Workday Minnesota

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WTO talks fail to address worker issues

September 15, 2003

CANCUN, Mexico — World Trade Organization negotiations collapsed because of the WTO’s failure to tackle the needs of developing countries or to confront the social problems of trade, union and other fair trade groups said.

“The collapse of yet another WTO Conference has further undermined the credibility of the WTO”, said Guy Ryder, General Secretary of the world’s largest trade union body, the International Confederation of Free Trade Unions. “This crisis will continue as long as WTO members refuse to tackle development, poverty, employment, and workers’ rights.”

But this is more than a crisis of the trading system; it is a crisis of global governance, unions said.

“We call on world leaders to reflect on the social vacuum at the heart of the multilateral system. This requires a discussion at the highest political level. The United Nations must show leadership in this,“ Ryder concluded. The ICFTU represents 158 million workers in 231 affiliated organisations in 150 countries and territories.

Labor, farm, student, human rights and environmental groups protested outside the talks in Cancun and at scores of locations around the world. About 150 people gathered outside the federal building in Minneapolis Friday to call for fair trade agreements.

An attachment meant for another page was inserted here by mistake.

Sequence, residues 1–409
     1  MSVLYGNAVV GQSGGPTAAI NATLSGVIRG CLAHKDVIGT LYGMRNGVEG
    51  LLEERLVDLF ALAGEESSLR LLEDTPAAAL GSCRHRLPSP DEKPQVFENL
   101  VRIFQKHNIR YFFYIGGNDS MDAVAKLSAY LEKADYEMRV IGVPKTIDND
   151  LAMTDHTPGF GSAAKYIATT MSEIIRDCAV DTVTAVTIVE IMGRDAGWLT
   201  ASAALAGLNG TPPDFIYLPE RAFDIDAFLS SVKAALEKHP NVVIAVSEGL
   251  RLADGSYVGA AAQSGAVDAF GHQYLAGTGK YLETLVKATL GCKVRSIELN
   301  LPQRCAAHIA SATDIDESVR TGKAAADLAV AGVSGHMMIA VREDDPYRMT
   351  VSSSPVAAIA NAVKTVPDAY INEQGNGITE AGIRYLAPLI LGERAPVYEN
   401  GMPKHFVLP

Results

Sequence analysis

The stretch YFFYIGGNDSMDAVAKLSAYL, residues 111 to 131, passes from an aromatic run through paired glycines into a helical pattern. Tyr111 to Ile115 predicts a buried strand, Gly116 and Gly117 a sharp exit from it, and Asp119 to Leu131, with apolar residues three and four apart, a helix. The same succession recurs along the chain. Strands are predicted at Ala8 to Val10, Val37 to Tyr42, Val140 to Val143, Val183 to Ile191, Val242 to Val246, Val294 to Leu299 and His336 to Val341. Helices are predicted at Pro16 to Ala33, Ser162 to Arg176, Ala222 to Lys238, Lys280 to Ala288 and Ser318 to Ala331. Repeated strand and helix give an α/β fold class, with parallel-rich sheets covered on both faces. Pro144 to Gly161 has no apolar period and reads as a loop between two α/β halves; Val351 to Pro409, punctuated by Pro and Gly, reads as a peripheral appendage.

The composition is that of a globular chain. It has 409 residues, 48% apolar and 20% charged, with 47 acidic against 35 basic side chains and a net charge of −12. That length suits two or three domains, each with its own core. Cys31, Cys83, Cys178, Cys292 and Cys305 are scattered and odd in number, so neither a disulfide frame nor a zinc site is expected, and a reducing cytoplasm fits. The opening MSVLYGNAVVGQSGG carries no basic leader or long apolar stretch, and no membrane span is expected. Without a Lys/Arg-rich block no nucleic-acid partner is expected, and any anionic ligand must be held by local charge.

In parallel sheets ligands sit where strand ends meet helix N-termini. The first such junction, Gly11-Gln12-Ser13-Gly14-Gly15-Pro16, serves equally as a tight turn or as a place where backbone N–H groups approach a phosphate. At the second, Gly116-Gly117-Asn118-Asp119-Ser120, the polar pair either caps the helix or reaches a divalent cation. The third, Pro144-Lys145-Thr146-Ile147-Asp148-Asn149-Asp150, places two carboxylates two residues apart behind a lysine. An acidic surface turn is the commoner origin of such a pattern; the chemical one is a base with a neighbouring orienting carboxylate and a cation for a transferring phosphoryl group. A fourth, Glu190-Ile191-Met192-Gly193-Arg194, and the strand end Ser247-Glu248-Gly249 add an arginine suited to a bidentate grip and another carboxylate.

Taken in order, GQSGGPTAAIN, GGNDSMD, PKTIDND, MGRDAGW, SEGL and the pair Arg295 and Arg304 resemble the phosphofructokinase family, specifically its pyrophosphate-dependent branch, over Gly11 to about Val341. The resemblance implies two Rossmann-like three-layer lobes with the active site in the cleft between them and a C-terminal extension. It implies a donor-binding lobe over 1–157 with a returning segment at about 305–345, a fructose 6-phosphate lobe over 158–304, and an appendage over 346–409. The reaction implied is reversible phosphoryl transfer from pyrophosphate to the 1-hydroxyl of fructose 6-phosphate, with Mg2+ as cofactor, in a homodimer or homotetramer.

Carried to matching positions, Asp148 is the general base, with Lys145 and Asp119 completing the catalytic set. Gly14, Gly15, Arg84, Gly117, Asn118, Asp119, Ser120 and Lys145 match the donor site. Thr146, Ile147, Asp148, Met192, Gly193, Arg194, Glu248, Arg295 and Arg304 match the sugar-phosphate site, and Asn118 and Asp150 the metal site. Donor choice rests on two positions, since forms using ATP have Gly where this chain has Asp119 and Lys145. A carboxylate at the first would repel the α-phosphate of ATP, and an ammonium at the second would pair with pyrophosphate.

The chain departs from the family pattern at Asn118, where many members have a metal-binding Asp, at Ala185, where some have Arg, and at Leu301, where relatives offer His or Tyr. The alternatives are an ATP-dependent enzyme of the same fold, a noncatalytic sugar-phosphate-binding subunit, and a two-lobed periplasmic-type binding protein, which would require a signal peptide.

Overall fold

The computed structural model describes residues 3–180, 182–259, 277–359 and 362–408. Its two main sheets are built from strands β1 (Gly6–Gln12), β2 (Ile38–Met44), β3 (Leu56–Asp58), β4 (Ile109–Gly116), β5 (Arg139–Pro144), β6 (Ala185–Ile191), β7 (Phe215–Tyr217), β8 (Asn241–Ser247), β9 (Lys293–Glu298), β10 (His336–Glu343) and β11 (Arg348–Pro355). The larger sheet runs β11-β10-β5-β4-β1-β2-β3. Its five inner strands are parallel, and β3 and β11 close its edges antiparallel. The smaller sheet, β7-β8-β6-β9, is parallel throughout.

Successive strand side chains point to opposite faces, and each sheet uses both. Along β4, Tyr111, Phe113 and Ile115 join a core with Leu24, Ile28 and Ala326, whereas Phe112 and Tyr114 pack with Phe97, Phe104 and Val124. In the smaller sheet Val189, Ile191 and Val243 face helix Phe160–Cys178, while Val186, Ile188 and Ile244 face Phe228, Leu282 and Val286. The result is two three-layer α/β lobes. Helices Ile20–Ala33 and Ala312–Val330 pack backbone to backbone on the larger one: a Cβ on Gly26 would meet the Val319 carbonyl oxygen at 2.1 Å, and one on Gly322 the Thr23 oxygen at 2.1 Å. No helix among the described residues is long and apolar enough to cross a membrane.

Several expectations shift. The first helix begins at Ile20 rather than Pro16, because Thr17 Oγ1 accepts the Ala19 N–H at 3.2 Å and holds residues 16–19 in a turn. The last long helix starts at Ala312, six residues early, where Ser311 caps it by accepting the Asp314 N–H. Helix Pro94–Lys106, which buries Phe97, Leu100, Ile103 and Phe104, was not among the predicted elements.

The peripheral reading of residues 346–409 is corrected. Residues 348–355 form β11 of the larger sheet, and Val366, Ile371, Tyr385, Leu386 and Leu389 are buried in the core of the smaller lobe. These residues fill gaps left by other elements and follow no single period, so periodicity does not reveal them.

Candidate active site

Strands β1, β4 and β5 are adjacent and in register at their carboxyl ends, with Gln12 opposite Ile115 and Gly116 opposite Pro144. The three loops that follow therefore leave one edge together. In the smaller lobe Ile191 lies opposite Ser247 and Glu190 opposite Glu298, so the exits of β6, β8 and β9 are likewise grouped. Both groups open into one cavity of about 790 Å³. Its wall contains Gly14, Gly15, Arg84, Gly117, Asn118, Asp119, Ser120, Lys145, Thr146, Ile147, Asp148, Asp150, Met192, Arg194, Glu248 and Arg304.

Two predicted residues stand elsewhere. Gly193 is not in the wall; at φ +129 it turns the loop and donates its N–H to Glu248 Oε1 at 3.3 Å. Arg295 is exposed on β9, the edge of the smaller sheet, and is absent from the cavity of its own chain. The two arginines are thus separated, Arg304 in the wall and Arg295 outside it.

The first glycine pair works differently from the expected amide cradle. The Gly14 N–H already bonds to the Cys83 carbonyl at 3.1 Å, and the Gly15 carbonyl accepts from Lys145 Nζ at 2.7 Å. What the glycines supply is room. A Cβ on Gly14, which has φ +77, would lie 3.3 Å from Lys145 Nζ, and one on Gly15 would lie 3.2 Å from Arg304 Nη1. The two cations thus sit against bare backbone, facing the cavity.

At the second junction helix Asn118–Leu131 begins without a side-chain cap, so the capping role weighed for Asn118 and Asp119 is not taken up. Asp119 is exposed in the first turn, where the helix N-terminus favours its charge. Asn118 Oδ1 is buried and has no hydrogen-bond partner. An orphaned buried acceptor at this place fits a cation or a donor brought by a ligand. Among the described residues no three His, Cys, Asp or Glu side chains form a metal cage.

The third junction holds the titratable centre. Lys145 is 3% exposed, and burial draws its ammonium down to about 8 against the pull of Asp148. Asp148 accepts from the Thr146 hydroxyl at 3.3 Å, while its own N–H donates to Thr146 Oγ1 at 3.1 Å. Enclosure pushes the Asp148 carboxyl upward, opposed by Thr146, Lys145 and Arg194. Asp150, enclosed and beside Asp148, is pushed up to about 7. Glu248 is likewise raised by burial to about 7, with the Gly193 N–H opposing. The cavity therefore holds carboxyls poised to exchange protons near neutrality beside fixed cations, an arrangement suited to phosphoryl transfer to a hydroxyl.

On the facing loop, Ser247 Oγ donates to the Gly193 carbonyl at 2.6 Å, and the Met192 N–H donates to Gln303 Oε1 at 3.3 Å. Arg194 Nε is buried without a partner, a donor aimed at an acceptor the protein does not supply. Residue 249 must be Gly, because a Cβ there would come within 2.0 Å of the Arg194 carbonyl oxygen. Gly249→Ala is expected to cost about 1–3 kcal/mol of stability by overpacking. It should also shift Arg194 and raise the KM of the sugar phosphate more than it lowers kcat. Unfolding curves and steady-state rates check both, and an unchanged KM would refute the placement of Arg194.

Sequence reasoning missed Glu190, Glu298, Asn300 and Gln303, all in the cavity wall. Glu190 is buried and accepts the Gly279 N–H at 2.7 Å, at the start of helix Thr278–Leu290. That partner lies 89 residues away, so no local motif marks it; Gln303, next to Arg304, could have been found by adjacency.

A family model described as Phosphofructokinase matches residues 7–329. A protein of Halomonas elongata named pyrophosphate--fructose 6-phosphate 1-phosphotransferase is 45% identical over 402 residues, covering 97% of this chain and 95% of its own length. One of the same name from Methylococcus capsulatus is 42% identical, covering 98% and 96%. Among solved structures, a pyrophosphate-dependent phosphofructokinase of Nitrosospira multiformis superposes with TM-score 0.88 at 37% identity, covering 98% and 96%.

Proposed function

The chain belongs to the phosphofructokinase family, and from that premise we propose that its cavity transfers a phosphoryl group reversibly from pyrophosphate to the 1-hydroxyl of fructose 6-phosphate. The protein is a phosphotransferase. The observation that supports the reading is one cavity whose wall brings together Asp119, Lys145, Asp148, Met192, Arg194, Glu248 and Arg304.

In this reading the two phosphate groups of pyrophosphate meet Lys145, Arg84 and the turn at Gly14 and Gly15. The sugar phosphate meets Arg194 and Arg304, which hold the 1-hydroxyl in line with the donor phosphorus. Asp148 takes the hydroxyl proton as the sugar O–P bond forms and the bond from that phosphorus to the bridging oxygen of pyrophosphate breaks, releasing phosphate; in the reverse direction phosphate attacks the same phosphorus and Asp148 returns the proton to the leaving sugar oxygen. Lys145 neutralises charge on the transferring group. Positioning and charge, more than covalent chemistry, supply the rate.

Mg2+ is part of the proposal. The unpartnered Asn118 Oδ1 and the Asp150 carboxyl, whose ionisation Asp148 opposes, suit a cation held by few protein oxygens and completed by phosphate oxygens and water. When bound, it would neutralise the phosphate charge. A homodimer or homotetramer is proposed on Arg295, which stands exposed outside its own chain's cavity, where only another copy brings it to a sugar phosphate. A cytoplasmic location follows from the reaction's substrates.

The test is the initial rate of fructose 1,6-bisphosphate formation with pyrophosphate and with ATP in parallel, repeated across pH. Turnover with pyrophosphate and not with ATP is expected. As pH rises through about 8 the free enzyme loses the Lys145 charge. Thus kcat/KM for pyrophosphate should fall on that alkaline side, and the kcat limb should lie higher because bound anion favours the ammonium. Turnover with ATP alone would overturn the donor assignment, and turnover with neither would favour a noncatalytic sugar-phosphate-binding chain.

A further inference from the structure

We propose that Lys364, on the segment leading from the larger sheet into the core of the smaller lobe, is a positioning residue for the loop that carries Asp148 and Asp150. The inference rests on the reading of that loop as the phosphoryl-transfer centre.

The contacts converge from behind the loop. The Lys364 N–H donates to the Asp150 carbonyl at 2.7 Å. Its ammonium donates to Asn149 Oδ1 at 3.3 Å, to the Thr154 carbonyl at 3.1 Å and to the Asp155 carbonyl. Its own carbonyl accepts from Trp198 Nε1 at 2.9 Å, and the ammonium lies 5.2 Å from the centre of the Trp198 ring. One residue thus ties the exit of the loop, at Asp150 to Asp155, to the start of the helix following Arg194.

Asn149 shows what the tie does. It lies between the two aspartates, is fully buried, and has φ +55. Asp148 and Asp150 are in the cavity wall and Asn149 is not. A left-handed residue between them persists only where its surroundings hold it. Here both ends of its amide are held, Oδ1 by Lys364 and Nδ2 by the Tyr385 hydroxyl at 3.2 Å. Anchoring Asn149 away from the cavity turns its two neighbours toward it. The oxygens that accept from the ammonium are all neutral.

Photos by Mary Turck, Resource Center of the Americas

The collapse exposed irreconcilable differences between developing countries and the United States, European Union and Japan, fair trade advocates said. In particular, developing countries objected to extending trade negotiations to new issues such as investment before their needs were addressed.

"The collapse of the talks shows the fragility of the current global trading system," said Mark Ritchie, president of the Institute for Agriculture and Trade Policy, which is based in Minneapolis.

"We can't continue a global trading system that primarily benefits the interests of multinational corporations and doesn't address the serious concerns of farmers, workers and people of the world."

The WTO poses a threat to citizens because the trade body has power to overrule governments and undermine the rule of law, said Jennifer Esposito, legislative representative for the International Brotherhood of Teamsters. Secret WTO panels have ruled against U.S. laws that protect the environment, for example, and European laws on food safety.

The failure of WTO negotiators to reach agreement on a new trade deal "is a victory for working people around the world," Esposito said.

Environmentalists also breathed a sigh of relief. "No agreement is better than a bad agreement," said David Waskow, trade policy coordinator at Friends of the Earth - U.S.

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Some of the Minneapolis marchers carried signs that emphasized the thousands of jobs lost under existing free trade deals such as NAFTA.

Photo by Mary Turck, Resource Center of the Americas

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